Going Broke Staring at Sea Turtles

I have spent considerable time trying to figure out how to word this journal entry so as to avoid sounding like a spoiled, world-weary brat. Instead, I’ll just begin by admitting that I probably am a spoiled world-weary brat. Okay, now that that is out of the way, I can begin to describe the Galapagos. The main town on Santa Cruz, the largest island of the Galapagos, is Puerto Ayora, which is equal parts Thamel, Nepal, Queensland, New Zealand, and Darien, Connecticut. The town focuses on the upscale eco-tourist, which means a 150% mark-up on food, housing, and the many, many t-shirts for sale (which include such tasteful gems as “I Like Boobies” with a picture of a blue-footed boobie bird). The remote location of the islands mean another 150% mark-up. If Darwin never stumbled on this fairly unremarkable group of islands in the HMS Beagle, the Galapagos would be just another stop on the sailing circuit instead of some mythical nature wonderland. Thanks to his tedious experiments on frigate birds, Ecuador now feels that it is acceptable to charge $175 for a 20-day cruising permit, $100 per person for entry to the park (the whole island is a park), $230 for immigration and customs fees, and a $30 fee every time you move between islands.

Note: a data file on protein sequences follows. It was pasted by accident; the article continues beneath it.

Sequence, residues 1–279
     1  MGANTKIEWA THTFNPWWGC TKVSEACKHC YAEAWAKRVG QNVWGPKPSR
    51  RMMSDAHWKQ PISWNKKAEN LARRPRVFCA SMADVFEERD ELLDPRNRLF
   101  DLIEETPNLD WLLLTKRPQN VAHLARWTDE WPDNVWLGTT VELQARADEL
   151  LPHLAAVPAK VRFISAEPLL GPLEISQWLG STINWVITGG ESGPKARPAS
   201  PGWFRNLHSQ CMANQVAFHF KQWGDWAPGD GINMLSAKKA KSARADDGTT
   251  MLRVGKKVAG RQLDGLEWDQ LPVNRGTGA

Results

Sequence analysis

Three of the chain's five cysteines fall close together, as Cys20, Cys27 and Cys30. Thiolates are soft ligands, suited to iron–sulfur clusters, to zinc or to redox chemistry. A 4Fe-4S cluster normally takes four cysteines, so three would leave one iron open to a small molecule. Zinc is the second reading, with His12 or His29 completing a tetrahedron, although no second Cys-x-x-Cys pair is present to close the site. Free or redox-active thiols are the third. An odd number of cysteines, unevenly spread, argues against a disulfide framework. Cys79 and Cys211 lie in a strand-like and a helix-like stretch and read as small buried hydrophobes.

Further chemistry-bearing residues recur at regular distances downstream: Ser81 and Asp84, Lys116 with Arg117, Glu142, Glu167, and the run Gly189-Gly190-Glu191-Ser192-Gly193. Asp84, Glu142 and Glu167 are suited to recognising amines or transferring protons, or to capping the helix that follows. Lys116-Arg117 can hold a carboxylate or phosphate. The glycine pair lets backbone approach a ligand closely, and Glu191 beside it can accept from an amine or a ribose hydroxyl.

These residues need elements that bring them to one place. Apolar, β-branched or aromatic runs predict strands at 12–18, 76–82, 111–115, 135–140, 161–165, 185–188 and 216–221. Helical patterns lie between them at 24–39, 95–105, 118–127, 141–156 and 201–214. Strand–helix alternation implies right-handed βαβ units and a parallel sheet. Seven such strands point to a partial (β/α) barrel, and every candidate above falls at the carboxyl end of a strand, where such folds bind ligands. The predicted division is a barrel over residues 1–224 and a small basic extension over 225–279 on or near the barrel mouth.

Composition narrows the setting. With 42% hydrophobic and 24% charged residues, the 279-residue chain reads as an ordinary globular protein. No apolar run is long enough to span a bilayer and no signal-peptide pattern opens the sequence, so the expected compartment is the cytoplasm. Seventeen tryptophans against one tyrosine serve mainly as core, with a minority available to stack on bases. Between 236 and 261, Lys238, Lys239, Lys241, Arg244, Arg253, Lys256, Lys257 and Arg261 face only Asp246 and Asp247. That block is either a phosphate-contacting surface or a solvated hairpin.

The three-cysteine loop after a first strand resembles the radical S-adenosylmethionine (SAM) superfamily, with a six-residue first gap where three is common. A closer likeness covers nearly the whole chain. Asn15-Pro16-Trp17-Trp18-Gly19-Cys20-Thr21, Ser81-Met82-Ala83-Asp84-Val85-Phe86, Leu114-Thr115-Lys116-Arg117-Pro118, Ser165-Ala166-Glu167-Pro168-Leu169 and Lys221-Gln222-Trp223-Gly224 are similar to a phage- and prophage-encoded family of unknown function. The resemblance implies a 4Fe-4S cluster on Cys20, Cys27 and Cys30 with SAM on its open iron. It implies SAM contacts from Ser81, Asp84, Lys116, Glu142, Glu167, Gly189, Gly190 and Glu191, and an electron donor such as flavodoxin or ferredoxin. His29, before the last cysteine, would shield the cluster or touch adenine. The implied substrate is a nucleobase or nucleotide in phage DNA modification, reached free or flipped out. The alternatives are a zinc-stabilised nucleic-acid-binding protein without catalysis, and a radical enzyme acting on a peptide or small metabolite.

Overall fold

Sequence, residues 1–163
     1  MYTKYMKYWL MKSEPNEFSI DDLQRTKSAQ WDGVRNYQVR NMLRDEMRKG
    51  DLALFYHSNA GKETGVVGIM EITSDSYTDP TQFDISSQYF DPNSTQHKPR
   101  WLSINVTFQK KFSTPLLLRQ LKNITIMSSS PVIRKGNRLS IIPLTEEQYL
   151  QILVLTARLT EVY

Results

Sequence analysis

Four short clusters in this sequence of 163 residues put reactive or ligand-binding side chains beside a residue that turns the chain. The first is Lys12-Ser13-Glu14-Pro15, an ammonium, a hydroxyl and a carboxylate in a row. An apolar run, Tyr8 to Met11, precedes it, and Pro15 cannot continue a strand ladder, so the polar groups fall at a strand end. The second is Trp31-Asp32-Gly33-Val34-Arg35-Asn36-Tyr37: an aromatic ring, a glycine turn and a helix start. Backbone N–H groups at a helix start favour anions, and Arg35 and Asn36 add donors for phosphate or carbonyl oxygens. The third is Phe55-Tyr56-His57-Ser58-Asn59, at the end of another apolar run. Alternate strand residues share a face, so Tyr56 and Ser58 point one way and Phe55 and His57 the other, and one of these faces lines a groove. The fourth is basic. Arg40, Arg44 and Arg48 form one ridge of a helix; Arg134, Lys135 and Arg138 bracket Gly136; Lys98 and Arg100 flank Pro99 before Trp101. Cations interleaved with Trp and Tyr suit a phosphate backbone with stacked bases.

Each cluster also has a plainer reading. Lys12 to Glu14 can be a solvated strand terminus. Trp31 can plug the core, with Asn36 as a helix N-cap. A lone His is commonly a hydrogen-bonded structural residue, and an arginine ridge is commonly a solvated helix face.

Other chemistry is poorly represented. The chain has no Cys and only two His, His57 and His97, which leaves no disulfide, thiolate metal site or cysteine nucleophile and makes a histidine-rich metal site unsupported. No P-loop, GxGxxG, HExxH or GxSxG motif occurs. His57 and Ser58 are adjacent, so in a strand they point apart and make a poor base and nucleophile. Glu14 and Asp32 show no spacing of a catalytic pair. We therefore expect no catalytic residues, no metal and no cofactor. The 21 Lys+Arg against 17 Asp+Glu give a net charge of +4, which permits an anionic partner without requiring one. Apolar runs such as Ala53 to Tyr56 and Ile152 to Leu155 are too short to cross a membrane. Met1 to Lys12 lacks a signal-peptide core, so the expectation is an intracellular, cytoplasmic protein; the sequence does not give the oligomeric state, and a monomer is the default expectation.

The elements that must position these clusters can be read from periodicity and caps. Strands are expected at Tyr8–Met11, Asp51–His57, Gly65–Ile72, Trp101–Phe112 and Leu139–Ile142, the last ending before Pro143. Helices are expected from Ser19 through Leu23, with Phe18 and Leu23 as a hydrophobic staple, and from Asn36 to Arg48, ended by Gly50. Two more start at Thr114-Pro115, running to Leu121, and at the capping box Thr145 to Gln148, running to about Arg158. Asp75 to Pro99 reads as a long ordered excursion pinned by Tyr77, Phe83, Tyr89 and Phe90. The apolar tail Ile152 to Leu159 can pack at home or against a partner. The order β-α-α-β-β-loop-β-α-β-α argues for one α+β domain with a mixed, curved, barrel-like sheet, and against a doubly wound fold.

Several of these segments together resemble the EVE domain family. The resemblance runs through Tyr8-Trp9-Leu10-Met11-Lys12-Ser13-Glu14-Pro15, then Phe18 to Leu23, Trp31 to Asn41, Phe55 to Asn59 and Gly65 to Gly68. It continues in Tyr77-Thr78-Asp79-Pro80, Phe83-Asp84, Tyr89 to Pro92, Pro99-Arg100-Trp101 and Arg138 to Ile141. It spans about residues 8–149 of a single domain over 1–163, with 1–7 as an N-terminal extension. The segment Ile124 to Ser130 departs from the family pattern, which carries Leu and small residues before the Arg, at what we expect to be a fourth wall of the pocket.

And herein lies the problem that I have with the Galapagos – for all the build-up and high expectations, it is basically Maine with a better advertising campaign. This is not to say that I dislike the Galapagos. In fact, I like it very much. However, I also like Maine very much and it is a lot easier to get to, it has far fewer tourists, and the locals, while surly, are at least not all involved in the tourism industry. The lack of any people indigenous to these islands results in little if any authentic culture. Instead, the culture focuses on surfers and the scientifically inclined and the whole experience is designed to provide a vague sense of healthy, environmentally conscious living. This is the place for the people who shop at Whole Foods just because it makes them feel healthy, even though they can’t quite place how it is healthier than Stop & Shop. In actuality, what they probably enjoy is the fact that poor people are priced out of the place and they are not inconvenienced by upper-class guilt.

Once again, kudos to the marketing team behind the Galapagos. Well done, really. Despite being expensive, there are a lot of activities that are readily available for tourists. My initiation to the Galapagos began on Saturday with a trip to the Darwin Nature Center. The center is nothing more than a glorified zoo with plenty of opportunities to take pictures of authentic Galapagos turtles. Sadly, there were about 20 American tourists for every turtle, although the tourists tended to be less photogenic. One of the famous residents of the Nature Center is Lonesome George, a turtle who is supposedly 150-years-old and is said to have been an intimate friend of Charles Darwin. George is the last of his particular type of turtle species and in his 150 years he has failed to produce any offspring. During my visit, he looked to be as bored as I was.